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Is There an Equity-Efficiency Trade-Off in School Finance? Tiebout and a Theory of the Local Public Goods Producer

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  • Caroline M. Hoxby

Abstract

New empirical work shows the degree of competition among public providers of local public goods or between public and private providers of local public goods matters. This evidence needs a theory of the local public goods producer. Tiebout's hypothesis spawned a literature that gives local public economics a useful theory of the consumer which can generate a theory of the local public goods producer. This potential has remained largely undeveloped apart from Tiebout's vision of the local public goods producer as an entrepreneur, which is unrealistic because local public goods are nonverifiable. The Tiebout mechanism does not operate in alternative models of the local public goods producer, such as bureaucracy and agenda models. None of these models is useful for predicting how local public goods producers react to policies that change the structure of local public finance. This paper builds a theory of the producer that draws upon Tiebout's mechanism and the theory of incentives for regulation. I find that Tiebout's mechanism generates information that can be used in regulatory schemes to achieve lower costs for any given provision of local public goods. Thus, we face a fundamental trade-off between promoting equitable consumption of the public good and promoting efficiency in production of the public good. This trade-off exists even when equity in consumption generates positive externalities, as is often suggested of the consumption of schooling. I present evidence that when the Tiebout mechanism for schools is weakened by state-level school funding, per-pupil costs rise and the growth of educational attainment falls. This implies that losses from inefficient production generally outweigh gains from equalized consumption.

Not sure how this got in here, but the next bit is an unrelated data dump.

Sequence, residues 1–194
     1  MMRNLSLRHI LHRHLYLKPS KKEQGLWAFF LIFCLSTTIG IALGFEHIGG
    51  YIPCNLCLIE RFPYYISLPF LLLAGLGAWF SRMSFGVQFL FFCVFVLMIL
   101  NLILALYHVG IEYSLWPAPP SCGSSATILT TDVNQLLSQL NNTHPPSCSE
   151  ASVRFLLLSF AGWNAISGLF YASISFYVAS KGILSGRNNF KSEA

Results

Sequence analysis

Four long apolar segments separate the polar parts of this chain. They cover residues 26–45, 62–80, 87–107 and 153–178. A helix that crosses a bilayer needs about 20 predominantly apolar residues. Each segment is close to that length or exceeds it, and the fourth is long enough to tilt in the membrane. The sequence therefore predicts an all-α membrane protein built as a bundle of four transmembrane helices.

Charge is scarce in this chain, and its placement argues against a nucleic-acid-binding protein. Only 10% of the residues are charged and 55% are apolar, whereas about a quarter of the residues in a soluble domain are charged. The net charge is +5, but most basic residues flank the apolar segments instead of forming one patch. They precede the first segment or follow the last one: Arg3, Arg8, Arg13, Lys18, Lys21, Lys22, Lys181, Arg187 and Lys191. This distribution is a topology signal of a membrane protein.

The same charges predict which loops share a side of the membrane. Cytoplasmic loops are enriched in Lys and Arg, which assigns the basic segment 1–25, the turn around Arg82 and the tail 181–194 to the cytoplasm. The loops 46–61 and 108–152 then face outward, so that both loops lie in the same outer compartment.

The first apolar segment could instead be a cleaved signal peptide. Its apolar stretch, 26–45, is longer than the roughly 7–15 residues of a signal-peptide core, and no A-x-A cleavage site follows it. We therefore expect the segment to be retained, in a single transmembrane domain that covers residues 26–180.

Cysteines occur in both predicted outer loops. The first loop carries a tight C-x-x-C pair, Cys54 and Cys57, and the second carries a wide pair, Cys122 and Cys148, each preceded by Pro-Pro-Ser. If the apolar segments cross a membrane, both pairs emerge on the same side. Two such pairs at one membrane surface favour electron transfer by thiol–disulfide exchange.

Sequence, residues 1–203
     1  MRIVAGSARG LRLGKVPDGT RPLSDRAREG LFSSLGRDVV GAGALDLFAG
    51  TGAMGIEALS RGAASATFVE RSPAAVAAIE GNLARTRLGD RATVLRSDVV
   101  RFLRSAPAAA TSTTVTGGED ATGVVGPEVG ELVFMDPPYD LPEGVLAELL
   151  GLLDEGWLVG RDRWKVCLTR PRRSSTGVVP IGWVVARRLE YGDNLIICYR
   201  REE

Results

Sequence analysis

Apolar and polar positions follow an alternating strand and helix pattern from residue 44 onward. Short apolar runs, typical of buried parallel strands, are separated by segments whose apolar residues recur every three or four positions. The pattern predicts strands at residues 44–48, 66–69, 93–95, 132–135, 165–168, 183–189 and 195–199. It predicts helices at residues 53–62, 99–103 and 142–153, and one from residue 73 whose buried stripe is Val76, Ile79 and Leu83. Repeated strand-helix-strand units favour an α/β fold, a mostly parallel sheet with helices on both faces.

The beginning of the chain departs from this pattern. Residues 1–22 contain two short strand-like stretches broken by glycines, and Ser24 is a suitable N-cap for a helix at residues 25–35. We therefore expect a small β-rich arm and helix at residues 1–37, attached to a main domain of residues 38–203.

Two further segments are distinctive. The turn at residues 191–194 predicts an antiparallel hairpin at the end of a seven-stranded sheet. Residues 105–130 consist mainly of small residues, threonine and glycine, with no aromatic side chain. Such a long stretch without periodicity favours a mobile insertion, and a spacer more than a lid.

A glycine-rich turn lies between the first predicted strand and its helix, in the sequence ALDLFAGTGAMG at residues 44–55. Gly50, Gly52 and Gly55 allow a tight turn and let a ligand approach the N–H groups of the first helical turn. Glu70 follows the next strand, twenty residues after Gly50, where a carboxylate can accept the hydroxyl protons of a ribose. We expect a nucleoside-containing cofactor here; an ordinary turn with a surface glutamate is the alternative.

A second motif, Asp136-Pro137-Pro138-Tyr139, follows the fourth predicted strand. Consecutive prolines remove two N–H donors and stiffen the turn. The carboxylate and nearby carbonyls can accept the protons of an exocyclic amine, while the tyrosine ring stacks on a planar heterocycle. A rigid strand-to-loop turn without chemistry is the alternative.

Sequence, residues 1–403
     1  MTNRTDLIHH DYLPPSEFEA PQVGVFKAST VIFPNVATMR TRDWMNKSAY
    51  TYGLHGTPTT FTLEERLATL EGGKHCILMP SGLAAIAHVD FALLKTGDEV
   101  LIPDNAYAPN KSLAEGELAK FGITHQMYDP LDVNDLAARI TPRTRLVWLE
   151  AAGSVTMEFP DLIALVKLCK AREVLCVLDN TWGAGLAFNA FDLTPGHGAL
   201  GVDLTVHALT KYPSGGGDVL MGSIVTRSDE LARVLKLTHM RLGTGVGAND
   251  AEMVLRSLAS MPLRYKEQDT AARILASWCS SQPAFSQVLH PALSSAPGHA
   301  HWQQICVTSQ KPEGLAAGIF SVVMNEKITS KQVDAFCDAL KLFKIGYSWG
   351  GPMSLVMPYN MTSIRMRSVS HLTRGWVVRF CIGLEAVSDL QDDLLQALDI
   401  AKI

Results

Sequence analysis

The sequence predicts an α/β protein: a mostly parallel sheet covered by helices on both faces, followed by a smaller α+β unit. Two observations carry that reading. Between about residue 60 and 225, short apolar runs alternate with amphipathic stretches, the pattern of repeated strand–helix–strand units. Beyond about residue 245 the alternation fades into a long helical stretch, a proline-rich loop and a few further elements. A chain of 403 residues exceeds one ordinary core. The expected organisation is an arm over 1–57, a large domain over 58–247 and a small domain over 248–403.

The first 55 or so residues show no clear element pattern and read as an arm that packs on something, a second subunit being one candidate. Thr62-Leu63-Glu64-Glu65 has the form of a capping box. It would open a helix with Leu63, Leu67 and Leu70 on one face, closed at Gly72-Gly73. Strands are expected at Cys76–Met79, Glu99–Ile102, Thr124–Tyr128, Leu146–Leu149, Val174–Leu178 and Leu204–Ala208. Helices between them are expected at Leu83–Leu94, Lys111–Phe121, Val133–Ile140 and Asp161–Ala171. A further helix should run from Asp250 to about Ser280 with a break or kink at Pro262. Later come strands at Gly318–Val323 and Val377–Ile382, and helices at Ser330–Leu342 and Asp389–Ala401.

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Bibliographic Info

Paper provided by National Bureau of Economic Research, Inc in its series NBER Working Papers with number 5265.

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Date of creation: Sep 1995
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Publication status: published as Journal of Public Economics (1999).
Handle: RePEc:nbr:nberwo:5265

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  1. Thomas Romer & Howard Rosenthal, 1978. "Political resource allocation, controlled agendas, and the status quo," Public Choice, Springer, vol. 33(4), pages 27-43, December.
  2. Raquel Fernandez & Richard Rogerson, 1994. "On the political economy of education subsidies," Staff Report 185, Federal Reserve Bank of Minneapolis.
  3. Epple, Dennis & Filimon, Radu & Romer, Thomas, 1984. "Equilibrium among local jurisdictions: toward an integrated treatment of voting and residential choice," Journal of Public Economics, Elsevier, vol. 24(3), pages 281-308, August.